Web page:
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The intermediate in a series of reactions can be identified by seeing which element is both in the products of one reaction and reactants of another (it will cancel out as they are on opposite sides). Since it is not written in the overall reaction (as it is cancelled out), it is not included in the rate law equation.
Intermediates are easily recognizable in a reaction mechanism, which is the sequence of elementary reactions to go from reactants to products. The molecules that are formed and consumed in these elementary reactions are intermediates
Intermediates ultimately get canceled out when you write out chemical equations in the full, so they will not show up in the rate law because only the initial reactants and final products have an influence on the rate law.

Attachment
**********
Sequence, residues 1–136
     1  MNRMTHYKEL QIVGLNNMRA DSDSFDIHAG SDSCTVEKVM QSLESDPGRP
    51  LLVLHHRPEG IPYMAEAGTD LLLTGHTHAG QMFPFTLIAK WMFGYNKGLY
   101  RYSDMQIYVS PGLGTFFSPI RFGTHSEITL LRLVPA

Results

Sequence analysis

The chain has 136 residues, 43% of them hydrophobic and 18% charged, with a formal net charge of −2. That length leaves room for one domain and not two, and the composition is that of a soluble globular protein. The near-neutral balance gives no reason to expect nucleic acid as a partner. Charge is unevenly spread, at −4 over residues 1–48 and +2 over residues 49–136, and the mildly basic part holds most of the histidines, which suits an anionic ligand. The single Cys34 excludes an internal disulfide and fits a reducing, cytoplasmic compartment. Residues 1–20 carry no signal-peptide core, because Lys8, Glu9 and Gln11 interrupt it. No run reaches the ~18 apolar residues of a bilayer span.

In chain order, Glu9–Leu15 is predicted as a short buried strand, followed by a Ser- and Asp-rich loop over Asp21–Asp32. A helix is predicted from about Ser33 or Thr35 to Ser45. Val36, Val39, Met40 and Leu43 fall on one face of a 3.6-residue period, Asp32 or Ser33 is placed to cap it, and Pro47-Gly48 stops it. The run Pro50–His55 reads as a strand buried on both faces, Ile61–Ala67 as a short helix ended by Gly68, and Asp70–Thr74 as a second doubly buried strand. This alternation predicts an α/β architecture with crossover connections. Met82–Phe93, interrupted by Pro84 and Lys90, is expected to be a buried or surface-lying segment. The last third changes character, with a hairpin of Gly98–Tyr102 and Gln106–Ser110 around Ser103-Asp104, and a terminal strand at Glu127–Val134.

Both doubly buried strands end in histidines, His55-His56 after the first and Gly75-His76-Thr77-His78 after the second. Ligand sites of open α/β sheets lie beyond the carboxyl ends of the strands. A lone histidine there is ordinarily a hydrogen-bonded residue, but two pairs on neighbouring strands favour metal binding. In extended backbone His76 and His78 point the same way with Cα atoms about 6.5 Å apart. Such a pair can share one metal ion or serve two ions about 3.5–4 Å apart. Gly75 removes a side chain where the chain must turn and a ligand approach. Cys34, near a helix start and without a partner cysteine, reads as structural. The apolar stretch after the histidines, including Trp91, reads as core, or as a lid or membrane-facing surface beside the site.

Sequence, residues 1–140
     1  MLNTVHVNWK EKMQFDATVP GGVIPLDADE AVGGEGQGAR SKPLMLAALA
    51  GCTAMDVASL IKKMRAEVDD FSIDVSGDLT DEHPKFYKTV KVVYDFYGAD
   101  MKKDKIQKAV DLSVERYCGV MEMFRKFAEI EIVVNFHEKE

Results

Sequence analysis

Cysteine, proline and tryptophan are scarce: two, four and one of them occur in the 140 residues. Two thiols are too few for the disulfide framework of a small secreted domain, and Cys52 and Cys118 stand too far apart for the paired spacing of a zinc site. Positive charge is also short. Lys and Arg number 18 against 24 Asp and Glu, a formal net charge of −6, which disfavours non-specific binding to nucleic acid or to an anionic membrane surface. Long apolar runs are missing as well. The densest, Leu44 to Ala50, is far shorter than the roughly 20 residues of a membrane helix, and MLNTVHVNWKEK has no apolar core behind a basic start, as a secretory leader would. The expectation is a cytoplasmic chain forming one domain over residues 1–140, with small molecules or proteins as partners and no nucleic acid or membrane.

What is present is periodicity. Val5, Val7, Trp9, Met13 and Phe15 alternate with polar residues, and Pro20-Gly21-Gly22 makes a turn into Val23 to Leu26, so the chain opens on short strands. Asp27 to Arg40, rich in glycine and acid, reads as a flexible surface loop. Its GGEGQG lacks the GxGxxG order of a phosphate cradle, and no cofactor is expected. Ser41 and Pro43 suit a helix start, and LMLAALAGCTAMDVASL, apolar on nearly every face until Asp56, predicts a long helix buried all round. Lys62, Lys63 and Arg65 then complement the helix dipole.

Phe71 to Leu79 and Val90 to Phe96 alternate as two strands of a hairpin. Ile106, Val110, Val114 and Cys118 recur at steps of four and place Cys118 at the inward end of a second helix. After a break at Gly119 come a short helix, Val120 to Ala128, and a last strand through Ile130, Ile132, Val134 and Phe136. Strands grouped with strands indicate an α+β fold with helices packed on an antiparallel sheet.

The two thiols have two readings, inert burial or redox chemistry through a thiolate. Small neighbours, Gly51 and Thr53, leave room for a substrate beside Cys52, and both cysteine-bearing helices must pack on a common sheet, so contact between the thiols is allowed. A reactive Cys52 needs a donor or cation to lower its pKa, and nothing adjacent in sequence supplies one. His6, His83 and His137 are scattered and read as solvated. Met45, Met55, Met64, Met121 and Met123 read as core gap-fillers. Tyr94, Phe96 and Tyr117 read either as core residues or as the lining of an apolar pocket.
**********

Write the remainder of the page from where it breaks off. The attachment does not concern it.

An intermediate shows up in the products of step one but the reactants of step two and therefore is used up in the second reaction so none will remain after the whole thing is over. The reason this does not affect the rate law is because the rate law is determined by the reactants of the slow step and the intermediate has no effect on this.
The intermediate cancels out in the rate determining step (before the final overall equation), and is not present in the overall reaction --> as its presence in the reactant of one reaction and the product of another reaction, makes itself cancel out.
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